Ed came back shortly after, explaining that his parents would wait in the waiting room until we called them back in. I was eternally grateful that they were being respectful. My own parents assured me they would be back, deciding they would go and get coffee and bagels for everyone, since it was well past breakfast time.
I’d been examined while Ed was gone, and now after all the excitement, the exhaustion was finally setting in.
“Can you ask the nurse when we get to see him again?” I asked Ed through a yawn, my eyes slits.
He sighed with a smile, pushing the hair from my face.
“Just rest now, darling, we’ll have plenty of time with him.”
Ed was right, but I wanted our baby with us. I didn’t understand why we hadn’t seen him again. It’d been nearly an hour.
“Is he okay? How did he look in the nursery? Was he crying?”
I scooted over a bit to invite Ed to sit with me, and he did, curling up gently against my right side, being careful not to move the bed around too much.
“He was sleeping,” he said, his left hand caressing the side of my face, “he’s perfect.”
We laid close enough for our noses to touch, and I reached my arm around his head to pull him closer, kissing him twice on the mouth.
“Thank you for being so good to me,”
He smiled, his eyes looking just as tired as mine felt, “I can’t believe we have a baby.”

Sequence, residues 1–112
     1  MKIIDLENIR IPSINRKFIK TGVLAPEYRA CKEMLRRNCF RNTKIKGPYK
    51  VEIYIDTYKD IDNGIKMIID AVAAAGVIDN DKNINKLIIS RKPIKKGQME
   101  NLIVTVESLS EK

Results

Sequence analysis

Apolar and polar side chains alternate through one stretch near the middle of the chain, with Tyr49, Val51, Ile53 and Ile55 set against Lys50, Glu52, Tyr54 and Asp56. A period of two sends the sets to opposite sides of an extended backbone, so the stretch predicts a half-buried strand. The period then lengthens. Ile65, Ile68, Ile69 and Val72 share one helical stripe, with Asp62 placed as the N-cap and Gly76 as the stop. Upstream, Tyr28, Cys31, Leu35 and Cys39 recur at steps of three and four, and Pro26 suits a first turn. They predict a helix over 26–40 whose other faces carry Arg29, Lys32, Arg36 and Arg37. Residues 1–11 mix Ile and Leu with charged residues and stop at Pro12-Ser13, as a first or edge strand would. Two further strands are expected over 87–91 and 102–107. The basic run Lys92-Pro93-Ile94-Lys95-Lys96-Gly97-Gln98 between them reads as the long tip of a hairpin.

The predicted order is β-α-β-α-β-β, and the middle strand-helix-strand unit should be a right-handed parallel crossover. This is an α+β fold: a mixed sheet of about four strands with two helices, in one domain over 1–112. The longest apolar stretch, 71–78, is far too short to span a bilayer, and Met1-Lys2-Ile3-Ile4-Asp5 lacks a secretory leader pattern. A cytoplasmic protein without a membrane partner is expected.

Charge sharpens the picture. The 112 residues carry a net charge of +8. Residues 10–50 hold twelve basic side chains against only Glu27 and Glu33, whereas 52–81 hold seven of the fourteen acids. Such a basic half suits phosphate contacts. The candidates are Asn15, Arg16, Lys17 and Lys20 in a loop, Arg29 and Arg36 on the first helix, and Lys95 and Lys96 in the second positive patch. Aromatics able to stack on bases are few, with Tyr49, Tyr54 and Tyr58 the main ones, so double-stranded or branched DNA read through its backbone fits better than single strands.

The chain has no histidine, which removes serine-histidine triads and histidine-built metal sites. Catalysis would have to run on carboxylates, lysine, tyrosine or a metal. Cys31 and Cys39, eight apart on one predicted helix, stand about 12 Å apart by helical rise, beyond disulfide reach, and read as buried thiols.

I nodded, running my hand through his soft hair and resting it against his left ear, stroking his lobe with my thumb, “me either. I wish they would bring him back, my boobs are about to explode.”
Ed glanced down between us, trying his hardest not to laugh, his eyebrows furrowed in confusion and mouth pouted to hide the chuckle.
“You’re making it really hard for me to not crack a joke right now,” he smiled, his voice cracking with sleep.
We both ended up passing out before either of us could crack any jokes. I was the first to wake up after hearing a faint knock on the door. I carefully shook Ed awake, and he groaned in his sleep, stretching out his arms as he came to, seeming to just remember that we were still in the hospital. He shot up, blinking over and over to rid the sleep from his eyes.
“How we doing?” the nurse asked, and Ed quickly rolled off the bed, his fists rubbing at his eyes before he checked his watch.
Though it felt as if we’d been asleep for hours, it’d only been about thirty minutes.
“I’m fine,” I said, slowly sitting up, wincing at the sharp pain that came when I did it too fast, “how’s the baby? Can we see him soon?”
The nurse smiled, nodding as she wrapped a blood pressure cuff around my arm, “they’re going to bring him in from the nursery as soon as I’m done here. Little guy is ready to eat.”
Ed’s eyes lit up, both of us ecstatic to finally have the baby back in the room with us. I was poked and prodded for about the fourth time, Ed carefully helping me sit up all the way once another nurse wheeled our baby in from the nursery.
“Baby Sheeran is good and hungry,” she said, smiling as she rolled him over to us.
I was nervous about breastfeeding since I’d read stories of the baby not latching, or it being painful, but I knew it was what I wanted, and that I would stick to it.
The nurse walked me through it, and I was especially grateful to Ed for being so patient and helpful during the whole process. Even though he was holding back, I could see by the look in his eyes how hard he was trying not to crack a joke or laugh when the nurse was practically feeling me up. Typical Ed.